Professor Ferngren is at his best when comparing pre-Christian pagans with early Christians. He devotes his first book, Medicine and Health Care in Early Christianity (Baltimore: Johns Hopkins Press, 2009) to this topic. Even those who do not believe in miracles, and even those who do not believe at all (and at least 20% of contemporary Americans are unaffiliated with any religious group or belief system), cannot help but be impressed by the importance accorded to Jesus' healing as described in the Gospels. The role of suffering in Christianity is equally important, partly because enduring such suffering supposedly makes the sufferer more G-d-like. Christian asceticism and Muslim reverence for the physical form are contrasted in a single chapter devoted to Islamic medicine. Clinicians engaged in the active practice of medicine, psychiatry or palliative care would find these distinctions particularly thought provoking.

The discussion of the Middle Ages, and the emergence of healing shrines and cults of the saints  is parsimonious, as required by a short book with big aspirations. Eventually, he travels to the 19th and 20th centuries, to discuss religious healing, Pietists and Pentecostals, Christian Science, Holy Rollers, tent services, televangelism and faith healers. By then, Professor Ferngren has prepared readers to view these practices and practitioners as part of a continuum rather than as iconoclastic schisms or  personality cults. His approach is historical rather than anthropological and so he sidesteps the colorful descriptions found in cultural studies.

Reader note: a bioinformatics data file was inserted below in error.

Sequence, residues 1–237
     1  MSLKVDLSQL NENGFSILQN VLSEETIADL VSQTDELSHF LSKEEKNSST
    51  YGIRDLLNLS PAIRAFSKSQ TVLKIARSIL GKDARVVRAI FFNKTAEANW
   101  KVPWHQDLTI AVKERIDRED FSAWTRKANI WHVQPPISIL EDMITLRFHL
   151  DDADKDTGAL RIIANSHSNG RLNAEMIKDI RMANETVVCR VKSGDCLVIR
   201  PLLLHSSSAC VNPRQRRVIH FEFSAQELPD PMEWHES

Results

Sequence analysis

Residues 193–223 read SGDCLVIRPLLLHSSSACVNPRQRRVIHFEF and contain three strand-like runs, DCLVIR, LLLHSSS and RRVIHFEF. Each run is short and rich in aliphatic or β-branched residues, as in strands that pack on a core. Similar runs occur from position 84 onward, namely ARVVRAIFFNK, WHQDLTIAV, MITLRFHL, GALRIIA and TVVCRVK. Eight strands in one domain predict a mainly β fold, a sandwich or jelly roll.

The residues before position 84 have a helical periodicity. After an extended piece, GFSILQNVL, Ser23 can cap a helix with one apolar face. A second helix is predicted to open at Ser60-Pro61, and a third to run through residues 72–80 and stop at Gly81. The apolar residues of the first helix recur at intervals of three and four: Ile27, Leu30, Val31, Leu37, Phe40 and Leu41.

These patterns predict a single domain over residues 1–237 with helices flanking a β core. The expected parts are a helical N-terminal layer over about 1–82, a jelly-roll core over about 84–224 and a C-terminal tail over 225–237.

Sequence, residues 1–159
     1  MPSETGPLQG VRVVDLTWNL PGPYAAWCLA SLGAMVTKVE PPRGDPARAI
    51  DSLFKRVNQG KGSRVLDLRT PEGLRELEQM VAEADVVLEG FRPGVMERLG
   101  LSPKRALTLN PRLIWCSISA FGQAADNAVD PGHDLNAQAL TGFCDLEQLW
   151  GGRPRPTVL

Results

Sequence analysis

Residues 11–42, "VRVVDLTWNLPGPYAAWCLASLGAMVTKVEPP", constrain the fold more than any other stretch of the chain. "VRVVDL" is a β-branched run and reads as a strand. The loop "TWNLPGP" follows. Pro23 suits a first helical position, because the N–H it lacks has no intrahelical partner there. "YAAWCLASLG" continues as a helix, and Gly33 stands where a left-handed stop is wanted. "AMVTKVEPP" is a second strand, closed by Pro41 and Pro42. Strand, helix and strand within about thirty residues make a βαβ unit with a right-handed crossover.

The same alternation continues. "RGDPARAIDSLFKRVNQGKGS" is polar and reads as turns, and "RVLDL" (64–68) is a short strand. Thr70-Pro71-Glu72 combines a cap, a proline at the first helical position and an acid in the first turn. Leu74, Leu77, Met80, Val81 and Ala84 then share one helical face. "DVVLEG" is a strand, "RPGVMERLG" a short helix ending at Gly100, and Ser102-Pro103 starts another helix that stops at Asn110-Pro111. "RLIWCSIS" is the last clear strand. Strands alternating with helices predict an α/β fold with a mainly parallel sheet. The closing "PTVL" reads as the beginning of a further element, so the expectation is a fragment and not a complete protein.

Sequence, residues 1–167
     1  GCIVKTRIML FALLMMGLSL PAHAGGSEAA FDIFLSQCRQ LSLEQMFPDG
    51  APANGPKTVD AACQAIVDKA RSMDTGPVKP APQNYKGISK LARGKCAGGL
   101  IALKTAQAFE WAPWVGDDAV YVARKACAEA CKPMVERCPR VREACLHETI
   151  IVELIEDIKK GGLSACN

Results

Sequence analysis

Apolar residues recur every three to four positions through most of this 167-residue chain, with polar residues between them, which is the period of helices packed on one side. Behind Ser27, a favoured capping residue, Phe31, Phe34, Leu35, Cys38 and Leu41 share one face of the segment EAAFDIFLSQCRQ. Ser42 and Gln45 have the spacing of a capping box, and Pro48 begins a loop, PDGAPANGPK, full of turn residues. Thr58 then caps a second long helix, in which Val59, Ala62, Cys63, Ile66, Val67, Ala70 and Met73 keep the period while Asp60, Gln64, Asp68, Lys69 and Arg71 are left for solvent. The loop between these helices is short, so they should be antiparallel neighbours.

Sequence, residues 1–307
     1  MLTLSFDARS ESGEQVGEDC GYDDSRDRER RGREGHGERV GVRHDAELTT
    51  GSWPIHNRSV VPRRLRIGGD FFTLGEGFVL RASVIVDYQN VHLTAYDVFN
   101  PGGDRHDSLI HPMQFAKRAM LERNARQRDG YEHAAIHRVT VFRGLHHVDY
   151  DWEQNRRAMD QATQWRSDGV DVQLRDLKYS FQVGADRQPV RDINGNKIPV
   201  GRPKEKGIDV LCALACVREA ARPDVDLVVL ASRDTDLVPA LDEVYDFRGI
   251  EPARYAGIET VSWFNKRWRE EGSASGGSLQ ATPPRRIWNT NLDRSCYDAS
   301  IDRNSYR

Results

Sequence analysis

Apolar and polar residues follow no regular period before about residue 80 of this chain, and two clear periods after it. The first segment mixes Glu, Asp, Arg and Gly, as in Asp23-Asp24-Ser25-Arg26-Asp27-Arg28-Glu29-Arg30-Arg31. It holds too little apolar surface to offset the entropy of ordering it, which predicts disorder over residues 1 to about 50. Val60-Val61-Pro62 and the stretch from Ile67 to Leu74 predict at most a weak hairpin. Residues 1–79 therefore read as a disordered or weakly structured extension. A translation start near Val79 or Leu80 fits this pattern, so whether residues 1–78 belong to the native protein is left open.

Readers who are familiar with religion-by-religion or region-by-region approaches taken by Henry Sigerist, MD or Oswei Tempkin, MD (both physicians and one-time heads of Johns Hopkins History of Medicine section) will be taken by surprise by Ferngren's chronological approach. His co-authored chapter on Islamic medicine is an exception, because it focuses on a single religion in different regions and elaborates on religious reasons why Muslims prioritized medicine and care for the body.    

His topics are rich, and many beg  for amplification. I can easily envision an expansion of this introductory text, perhaps approaching Mircea Eliade's 16-volume Encyclopedia of Religion (1987). For instance, the link between specific religions and early hospitals (or hospices) deserves a volume of its own. Tracing the trajectory of Catholic hospitals to the present day, when few Western women enter nursing orders of nuns who provide low or no-cost hospital care, is essential to understanding the forces behind the closing of certain Catholic hospitals in the U.S. It is also worth noting that one of six hospitals was Catholic in 1950. These trends in turn impact contemporary health care and health policy overall.

In the past twenty plus years, hospital stays have shortened dramatically. (Psychiatric hospitalization reached its peak in 1950.) Considering that 21st century health care has convulsed under the yoke of managed care, and its refusal to cover "medically unnecessary" confinement to acute care hospital wards, it may be reassuring to look backwards and learn that anyone who could afford home-based care avoided hospitals altogether. Only the impoverished—that had no choice—chose to die in hospitals. Practitioners of palliative care will appreciate these historical insights, although it is unclear how well they will receive information about the "religious epiphany" that inspired the hospice  movement.